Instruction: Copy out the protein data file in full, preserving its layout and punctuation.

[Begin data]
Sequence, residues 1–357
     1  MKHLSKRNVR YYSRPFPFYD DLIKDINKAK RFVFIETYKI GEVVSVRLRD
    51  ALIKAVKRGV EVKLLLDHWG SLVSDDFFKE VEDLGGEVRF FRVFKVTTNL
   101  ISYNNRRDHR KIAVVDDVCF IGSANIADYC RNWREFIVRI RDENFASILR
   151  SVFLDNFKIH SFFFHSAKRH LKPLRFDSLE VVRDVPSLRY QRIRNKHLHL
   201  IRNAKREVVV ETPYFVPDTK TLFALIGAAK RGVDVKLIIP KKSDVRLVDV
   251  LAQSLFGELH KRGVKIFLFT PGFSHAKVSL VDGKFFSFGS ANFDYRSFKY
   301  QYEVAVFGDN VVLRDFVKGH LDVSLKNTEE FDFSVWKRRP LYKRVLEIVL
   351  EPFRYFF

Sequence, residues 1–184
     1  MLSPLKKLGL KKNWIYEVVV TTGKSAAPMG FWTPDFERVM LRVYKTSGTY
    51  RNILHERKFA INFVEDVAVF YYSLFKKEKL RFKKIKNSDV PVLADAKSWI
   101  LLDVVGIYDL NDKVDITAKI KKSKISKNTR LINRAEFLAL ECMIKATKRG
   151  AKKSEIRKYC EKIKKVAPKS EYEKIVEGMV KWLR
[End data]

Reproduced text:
Sequence, residues 1–357
     1  MKHLSKRNVR YYSRPFPFYD DLIKDINKAK RFVFIETYKI GEVVSVRLRD
    51  ALIKAVKRGV EVKLLLDHWG SLVSDDFFKE VEDLGGEVRF FRVFKVTTNL
   101  ISYNNRRDHR KIAVVDDVCF IGSANIADYC RNWREFIVRI RDENFASILR
   151  SVFLDNFKIH SFFFHSAKRH LKPLRFDSLE VVRDVPSLRY QRIRNKHLHL
   201  IRNAKREVVV ETPYFVPDTK TLFALIGAAK RGVDVKLIIP KKSDVRLVDV
   251  LAQSLFGELH KRGVKIFLFT PGFSHAKVSL VDGKFFSFGS ANFDYRSFKY
   301  QYEVAVFGDN VVLRDFVKGH LDVSLKNTEE FDFSVWKRRP LYKRVLEIVL
   351  EPFRYFF

Sequence, residues 1–184
     1  MLSPLKKLGL KKNWIYEVVV TTGKSAAPMG FWTPDFERVM LRVYKTSGTY
    51  RNILHERKFA INFVEDVAVF YYSLFKKEKL RFKKIKNSDV PVLADAKSWI
   101  LLDVVGIYDL NDKVDITAKI KKSKISKNTR LINRAEFLAL ECMIKATKRG
   151  AKKSEIRKYC EKIKKVAPKS EYEKIVEGMV KWLR